An aborted Labor Party leadership coup has badly tainted the standing of Australian Prime Minister Julia Gillard’s office, with most voters also seeing her a “lame duck” leader, a public opinion poll showed yesterday, six months ahead of a general election.
The first opinion poll since Gillard called a shock leadership ballot on Thursday to counter rising tensions within the party also said the majority of those questioned would prefer former Australian prime minister Kevin Rudd in charge.
After weeks of rampant speculation, Rudd opted out of challenging Gillard for the party leadership just minutes before the vote was held, saying that he had realized that he did not have the political numbers to unseat her.
Gillard was re-elected unopposed, but significant damage has been done to the highest office in the country, the poll of 1,005 voters conducted by the Sydney Sunday Telegraph showed.
Asked if the public in-fighting had damaged the prime minister’s office, 71 percent said it had, while 60 percent believed Gillard was now a “lame duck” leader just six months after national elections were held in September last year.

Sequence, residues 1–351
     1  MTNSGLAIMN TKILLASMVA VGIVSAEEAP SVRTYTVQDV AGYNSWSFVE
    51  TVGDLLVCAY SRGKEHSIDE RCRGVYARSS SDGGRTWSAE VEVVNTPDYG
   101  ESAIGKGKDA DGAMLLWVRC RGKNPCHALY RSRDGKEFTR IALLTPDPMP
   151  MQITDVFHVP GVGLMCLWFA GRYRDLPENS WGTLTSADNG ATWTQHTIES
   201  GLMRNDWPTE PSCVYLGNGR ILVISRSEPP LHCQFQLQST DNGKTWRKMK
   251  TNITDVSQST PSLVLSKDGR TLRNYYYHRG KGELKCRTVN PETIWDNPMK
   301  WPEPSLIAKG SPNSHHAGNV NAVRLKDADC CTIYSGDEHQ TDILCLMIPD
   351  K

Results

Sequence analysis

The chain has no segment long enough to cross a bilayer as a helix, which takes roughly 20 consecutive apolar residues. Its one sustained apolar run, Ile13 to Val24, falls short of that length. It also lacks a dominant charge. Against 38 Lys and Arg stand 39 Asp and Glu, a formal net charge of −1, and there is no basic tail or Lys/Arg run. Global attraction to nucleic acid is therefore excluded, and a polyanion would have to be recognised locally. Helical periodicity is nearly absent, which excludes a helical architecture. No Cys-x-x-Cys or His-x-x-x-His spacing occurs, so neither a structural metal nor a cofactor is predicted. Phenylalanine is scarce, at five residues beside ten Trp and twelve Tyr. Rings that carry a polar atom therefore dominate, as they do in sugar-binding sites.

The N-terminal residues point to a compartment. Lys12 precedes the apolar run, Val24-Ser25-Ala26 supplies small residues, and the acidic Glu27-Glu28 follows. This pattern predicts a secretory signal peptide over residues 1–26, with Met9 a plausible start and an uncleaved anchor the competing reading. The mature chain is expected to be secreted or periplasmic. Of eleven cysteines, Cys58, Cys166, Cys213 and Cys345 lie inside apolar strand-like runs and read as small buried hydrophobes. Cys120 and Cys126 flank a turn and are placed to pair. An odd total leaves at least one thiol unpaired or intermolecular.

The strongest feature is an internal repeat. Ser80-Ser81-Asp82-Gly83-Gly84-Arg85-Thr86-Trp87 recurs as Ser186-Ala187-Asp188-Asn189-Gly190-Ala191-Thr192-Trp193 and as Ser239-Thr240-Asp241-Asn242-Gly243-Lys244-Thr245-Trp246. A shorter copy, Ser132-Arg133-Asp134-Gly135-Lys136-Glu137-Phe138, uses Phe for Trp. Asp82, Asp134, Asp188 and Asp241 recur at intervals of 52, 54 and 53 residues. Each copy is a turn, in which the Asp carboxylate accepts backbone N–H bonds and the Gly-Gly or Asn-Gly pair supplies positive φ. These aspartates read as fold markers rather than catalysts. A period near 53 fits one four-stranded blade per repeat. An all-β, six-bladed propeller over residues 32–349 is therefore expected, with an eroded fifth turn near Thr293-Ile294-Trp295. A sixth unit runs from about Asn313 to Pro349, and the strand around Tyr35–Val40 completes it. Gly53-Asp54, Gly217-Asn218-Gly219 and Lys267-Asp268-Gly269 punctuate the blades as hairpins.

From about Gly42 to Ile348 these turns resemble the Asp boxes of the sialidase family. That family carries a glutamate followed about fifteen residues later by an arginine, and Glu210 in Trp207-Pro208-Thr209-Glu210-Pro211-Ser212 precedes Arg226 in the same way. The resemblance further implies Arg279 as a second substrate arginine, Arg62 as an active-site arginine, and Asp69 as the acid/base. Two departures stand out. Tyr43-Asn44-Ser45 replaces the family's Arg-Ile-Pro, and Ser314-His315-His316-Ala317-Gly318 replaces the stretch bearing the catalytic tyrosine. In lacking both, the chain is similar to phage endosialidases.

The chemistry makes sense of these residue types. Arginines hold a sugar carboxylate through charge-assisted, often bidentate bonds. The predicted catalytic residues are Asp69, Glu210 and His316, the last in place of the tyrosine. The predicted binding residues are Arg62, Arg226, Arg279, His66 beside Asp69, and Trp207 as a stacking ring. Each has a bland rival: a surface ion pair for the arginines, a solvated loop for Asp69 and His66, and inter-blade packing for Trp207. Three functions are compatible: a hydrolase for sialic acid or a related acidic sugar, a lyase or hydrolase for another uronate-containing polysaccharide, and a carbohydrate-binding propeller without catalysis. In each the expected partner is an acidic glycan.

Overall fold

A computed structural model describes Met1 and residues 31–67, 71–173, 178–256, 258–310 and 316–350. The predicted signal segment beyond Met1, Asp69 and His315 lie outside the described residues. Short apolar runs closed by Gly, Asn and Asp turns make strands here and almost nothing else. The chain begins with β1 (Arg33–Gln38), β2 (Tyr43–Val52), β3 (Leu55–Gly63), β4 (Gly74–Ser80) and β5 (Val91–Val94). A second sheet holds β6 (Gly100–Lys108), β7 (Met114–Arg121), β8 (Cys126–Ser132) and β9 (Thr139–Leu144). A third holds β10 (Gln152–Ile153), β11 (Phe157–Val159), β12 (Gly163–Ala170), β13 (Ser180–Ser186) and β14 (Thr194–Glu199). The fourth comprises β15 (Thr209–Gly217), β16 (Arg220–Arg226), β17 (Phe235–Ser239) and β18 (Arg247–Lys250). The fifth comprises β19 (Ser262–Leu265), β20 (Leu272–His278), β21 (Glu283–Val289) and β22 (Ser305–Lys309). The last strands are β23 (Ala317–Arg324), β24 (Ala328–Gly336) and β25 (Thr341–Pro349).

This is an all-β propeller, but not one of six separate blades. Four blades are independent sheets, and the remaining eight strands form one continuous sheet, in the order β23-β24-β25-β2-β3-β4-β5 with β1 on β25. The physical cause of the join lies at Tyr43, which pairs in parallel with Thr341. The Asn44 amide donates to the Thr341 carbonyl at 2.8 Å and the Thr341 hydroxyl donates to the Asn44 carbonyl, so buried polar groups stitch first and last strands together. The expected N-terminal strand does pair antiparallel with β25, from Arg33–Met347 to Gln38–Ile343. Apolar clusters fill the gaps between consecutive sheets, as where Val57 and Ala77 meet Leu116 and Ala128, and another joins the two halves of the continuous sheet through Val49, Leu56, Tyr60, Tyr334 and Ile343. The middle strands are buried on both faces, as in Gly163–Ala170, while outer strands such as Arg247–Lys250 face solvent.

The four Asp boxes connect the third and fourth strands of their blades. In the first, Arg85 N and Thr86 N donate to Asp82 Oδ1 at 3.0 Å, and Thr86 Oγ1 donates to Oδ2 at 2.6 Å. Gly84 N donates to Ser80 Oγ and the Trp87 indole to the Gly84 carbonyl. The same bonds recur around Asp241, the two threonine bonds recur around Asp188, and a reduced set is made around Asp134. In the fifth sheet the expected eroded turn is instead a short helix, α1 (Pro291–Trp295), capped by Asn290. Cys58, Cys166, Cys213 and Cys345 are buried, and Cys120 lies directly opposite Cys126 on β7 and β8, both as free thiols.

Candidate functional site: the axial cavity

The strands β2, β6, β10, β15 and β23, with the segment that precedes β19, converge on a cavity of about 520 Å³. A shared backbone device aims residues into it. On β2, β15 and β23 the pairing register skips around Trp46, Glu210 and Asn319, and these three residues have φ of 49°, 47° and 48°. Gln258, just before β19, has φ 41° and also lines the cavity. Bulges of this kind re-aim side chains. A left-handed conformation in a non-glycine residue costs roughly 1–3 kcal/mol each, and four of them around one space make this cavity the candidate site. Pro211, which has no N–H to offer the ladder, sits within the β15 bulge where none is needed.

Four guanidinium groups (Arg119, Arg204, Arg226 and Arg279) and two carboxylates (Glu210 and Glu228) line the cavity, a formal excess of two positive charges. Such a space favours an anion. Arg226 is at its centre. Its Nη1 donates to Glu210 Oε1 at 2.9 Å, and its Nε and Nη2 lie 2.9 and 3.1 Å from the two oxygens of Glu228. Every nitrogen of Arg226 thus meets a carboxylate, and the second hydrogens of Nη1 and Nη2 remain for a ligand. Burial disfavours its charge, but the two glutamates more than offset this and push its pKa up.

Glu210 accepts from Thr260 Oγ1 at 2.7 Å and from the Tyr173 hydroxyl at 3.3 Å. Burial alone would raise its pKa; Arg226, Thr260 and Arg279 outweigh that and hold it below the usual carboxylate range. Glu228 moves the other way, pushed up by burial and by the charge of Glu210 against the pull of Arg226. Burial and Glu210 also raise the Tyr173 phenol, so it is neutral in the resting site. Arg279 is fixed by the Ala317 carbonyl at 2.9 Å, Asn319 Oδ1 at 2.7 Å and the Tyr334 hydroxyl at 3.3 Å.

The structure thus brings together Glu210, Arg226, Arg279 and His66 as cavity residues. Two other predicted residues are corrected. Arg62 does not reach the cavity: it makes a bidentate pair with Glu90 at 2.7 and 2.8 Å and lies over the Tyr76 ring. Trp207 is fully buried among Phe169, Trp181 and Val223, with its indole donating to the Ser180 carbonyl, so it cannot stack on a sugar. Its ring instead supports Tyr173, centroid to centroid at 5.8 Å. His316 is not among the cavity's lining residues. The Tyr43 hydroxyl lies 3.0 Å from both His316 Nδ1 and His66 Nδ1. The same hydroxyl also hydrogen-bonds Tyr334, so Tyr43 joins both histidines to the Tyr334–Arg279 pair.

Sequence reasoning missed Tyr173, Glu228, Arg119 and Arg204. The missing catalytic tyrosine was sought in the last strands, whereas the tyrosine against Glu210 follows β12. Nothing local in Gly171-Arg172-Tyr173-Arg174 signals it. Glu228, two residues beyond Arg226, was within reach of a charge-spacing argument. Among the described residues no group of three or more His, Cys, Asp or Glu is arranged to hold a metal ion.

Most felt that the Labor Party had made the wrong decision in rejecting Rudd as leader, with 53 percent of those surveyed backing him against 32 percent who preferred Gillard.
The poll also showed Labor trailing on 32 percent to the conservative opposition’s 47 percent in the primary vote, which excludes the impact of minor parties.
Voters were divided on whether an early election was needed, with 44 percent wanting it to be held now and 47 percent happy to wait until Sept. 14.
In an editorial, the Rupert Murdoch-owned Telegraph lashed out at the “utter disrespect” Labor had for the prime minister’s office.
“Last week’s leadership coup was a naked display of self-interest that had nothing to do with good government, leadership or what’s best for the future of this country,” it said.
Gillard is expected to announce a Cabinet shake-up as early as today after losing four senior ministers who backed Rudd.
For his part, Rudd has pledged to never challenge for the leadership again and on Saturday said it was vitally important to now “bind up the wounds.”